Welcome to Second Nature, a Q+A series with Jute founder, Ali Davin, that explores all things healthy living, with a fond emphasis on that thing she does best—interior design.
Whether you’re a beach person or a city person, travel is a way to connect with different cultures, appreciate the beauty of the world, and create memories to last a lifetime. It’s also an opportunity to protect and preserve our planet.
Traveling sustainably supports local communities, lightens your environmental impact, and immerses you in your destination in a more meaningful way. Here’s how to take a sustainable approach to your next trip.
I love to travel—and do so every chance I get. But doing it sustainably is not always easy. At this point, sustainable travel is in its infancy and hasn’t spread to all facets of the industry. To lighten your footprint while traveling, you need to do a lot of research first.
I seek out destinations that were built to be sustainable, from supporting local communities to using local materials and resources. I recently stayed at Amangiri, which is this insanely beautiful resort in the middle of Navajo territory in Utah. Aman Resorts invest in amazing geography and architecture, they create jobs in remote areas, and they build using materials from within a small radius of the property. Everything is simple and pared down and built into the landscape.
As far as hotels go, I care a lot about air quality, so I try to stay at properties that don’t spray with pesticides. It’s not a problem if you’re going to a city, but if you’re on an island or somewhere more remote, they’re often spraying nonstop to keep the bugs away. I also call ahead of time and ask them not to clean my room with chemicals. Hotels never have a problem with that!
I try to avoid staying in a recently built or renovated hotel—whatever materials they used are likely still off-gassing, even if they built as sustainably as possible. And always stay away from hotels with lots of carpet—it’s the biggest offender for VOCs, and the chemicals they use to clean it make it even worse. In some high-end hotels, there’s been a movement towards less carpet. The Four Seasons, for example, has a wellness floor at some of their properties. It has water filtration, HEPA air filters, no carpet, no chemical cleaners, hypoallergenic bedding, and all organic everything. It makes a huge difference, and it’s the same price as a regular room.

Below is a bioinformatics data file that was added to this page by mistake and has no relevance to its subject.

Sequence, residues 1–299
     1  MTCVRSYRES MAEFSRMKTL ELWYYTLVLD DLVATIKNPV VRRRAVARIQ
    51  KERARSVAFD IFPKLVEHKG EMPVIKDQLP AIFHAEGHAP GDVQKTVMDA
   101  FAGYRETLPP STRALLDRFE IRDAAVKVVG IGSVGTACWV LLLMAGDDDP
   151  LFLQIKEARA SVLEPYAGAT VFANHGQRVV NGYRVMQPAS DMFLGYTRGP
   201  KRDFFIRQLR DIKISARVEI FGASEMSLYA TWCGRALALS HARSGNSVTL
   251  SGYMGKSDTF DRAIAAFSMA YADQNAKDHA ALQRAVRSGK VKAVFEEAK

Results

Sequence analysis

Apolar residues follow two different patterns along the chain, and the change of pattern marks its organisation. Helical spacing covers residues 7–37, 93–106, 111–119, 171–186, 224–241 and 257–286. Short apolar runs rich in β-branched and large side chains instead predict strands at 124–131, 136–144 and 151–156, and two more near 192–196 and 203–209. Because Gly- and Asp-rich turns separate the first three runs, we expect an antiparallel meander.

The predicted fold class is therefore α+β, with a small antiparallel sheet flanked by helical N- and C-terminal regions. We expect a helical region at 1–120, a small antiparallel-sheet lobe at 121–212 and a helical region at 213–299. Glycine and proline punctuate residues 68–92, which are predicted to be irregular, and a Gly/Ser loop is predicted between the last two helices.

Ideally, you want a place that’s completely self-sufficient. I traveled throughout Africa with a company called And Beyond, and their properties use wells and biodynamic farming—all of the food comes from the property, and everything gets composted, so there’s no waste, no plastic bottles. Obviously these are locations that are hard to get to, so they need a specific infrastructure, but it’s thoughtfully planned.
Whether you’re in the middle of nowhere or in a huge city, it’s important to immerse yourself in your destination for a longer time instead of jumping from place to place. You get a much better sense of a place and its culture when you stay put, and your transportation footprint is much less.
Flying is the least sustainable part of traveling, because planes emit tons of carbon dioxide into the air. To lessen your impact, the best thing to do is fly direct on a commercial airline. Avoid layovers if you can—a plane uses 25% of its fuel during takeoff, so the fewer takeoffs you have, the lower your carbon footprint.
If you can, take a train—they emit half as much carbon as planes. If you have to fly, purchase a carbon offset for your flight. Many airlines offer the option when you’re buying your ticket, and it’s way more affordable than you think. The money goes toward planting trees or renewable energy sources—things that help the entire planet.
Look for hotels who build from materials sourced from the local landscape.